Frederick Douglas: American Dream

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In Pursuit of the American Dream The American Dream for the average slave was straightforward In mind, yet exceedingly challenging to accomplish. This fundamental dream was freedom, something we have lived with for all of our lives. For a slave, this Is generally nothing more than a dream, one that shall never become a reality. A slave is physically and mentally bound to the institution of slavery. The institution shatters the spirit of the slave until they could not even conceive of escape or freedom, but only focus on the task at hand. The white southern planters were oppressing the African American population.

Irrespective of their status as free or enslaved individuals, the planter class used racial differences as a justification to oppress black people. Frederick Douglass, an escaped slave, endured constant discouragement in his pursuit of education. Advocating his beliefs resulted in him being physically assaulted by white supremacists, although he also received support from others who encouraged him to follow his aspirations. When he was just a baby, Frederick Douglass was deliberately separated from his mother to prevent any emotional attachment towards her. Tragically, she passed away when he reached the age of seven and he was forbidden from attending her funeral or being present at her death.

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Douglas acknowledges experiencing the same emotions as one would when a stranger dies, without revealing the cause behind it. During that period, separating a child from their mother was unfathomable, yet it was a prevalent custom. Additionally, slaves were forced to accept their lifelong status and lacked the ability to alter it, resulting in a disheartening predicament. Frederick Douglass exemplifies this circumstance through his interactions with white boys of his age group who had the prospect of attaining freedom at twenty-one while he remained enslaved indefinitely. Nevertheless, he skillfully utilized these boys for his own advantage.

They were the ones who taught him how to read after Mrs. Laud had forbidden him to do so. He would carry bread around to exchange knowledge for food. The white supremacists had concluded that “if you give a slave an inch, he’ll take a yard.” Douglass agreed with this statement because once he learned to read, he desired more. Eventually, the pivotal moment occurred when he assisted two Irishmen with unloading cargo on a wharf, and they advised him to escape to the north. This was when he made a firm decision to flee. However, it would take several years as a man before the next event would motivate him to pursue his freedom.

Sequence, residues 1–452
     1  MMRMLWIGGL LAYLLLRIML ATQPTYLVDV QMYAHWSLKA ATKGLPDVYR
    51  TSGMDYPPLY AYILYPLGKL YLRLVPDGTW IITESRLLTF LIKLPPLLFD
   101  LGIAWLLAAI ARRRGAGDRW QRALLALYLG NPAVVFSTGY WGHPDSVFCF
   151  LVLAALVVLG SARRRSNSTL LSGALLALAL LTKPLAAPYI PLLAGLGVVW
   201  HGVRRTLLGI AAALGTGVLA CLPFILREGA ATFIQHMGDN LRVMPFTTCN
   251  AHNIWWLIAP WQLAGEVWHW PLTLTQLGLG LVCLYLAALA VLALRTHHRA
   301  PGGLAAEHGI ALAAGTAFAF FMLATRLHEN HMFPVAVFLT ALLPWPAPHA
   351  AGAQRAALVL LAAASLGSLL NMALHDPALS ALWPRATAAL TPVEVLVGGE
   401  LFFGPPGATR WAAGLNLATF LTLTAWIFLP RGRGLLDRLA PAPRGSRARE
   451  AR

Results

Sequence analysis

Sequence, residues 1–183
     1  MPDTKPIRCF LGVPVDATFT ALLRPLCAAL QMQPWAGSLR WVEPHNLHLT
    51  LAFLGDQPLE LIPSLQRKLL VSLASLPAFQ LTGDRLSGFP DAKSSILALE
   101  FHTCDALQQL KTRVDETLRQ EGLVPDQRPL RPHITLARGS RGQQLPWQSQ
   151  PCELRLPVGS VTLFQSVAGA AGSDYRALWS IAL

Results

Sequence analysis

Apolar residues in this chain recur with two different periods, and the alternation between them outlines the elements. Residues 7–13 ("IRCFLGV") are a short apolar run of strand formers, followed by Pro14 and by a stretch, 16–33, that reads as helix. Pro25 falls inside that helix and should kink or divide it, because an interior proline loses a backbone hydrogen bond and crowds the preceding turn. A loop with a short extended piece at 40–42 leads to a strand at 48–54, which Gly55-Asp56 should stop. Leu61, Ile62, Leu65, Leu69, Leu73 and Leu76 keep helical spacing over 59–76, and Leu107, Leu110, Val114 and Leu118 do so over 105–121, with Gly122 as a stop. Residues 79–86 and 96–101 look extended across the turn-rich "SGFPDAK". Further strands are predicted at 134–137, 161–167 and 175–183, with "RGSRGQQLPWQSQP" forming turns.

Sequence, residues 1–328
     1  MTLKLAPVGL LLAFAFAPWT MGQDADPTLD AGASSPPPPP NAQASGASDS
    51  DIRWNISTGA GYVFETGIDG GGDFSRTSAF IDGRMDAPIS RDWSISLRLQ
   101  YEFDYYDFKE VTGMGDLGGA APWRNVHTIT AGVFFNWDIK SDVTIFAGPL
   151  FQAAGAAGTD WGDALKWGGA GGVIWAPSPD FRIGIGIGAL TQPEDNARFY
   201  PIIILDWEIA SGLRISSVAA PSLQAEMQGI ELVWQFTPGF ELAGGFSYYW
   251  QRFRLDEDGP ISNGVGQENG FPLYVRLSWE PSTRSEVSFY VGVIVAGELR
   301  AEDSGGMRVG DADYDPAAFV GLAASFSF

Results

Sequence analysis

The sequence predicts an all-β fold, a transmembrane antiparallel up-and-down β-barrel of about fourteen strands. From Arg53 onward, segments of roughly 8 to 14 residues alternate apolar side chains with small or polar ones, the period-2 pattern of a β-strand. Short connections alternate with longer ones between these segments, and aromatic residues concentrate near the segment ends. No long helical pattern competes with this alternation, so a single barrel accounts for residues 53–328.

He was sent off to Mr. Covey, a man who was known for his deceit and mistreatment of slaves. Mr. Covey had violently beaten Frederick when he collapsed from illness and could not continue working. Frederick escaped, but when he returned, he got into a fight with Mr. Covey the next morning, which Frederick ended up winning. This was important to him because he not only defeated a white man but also because it renewed his determination to be free.

All he needs now is a little push to achieve his ultimate goal, the American Dream – freedom. He bravely mingled with the other slaves and discovered that they also longed for liberation. Together, they devised an escape plan, but sadly, they were betrayed and recaptured. Due to his leadership role, Frederick was isolated from the rest. Surprisingly, this failed attempt to escape did not silence him; instead, it fueled his determination and passion even more.

Despite facing significant challenges, Frederick Douglass was moving closer towards his dream. With assistance from friends in Baltimore, he was able to escape slavery. Remarkably, as an African American during that era, Douglass was highly regarded for his intellect, which was unusual for someone of his background. By overcoming immense obstacles and defying societal norms, he not only gained physical freedom but also achieved mental liberation. Douglass surpassed the limitations imposed on blacks by educating himself and eventually embarked on international travels to deliver lectures on abolition and the rights of African Americans in the United States.

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Frederick Douglas: American Dream. (2018, Feb 08). Retrieved from

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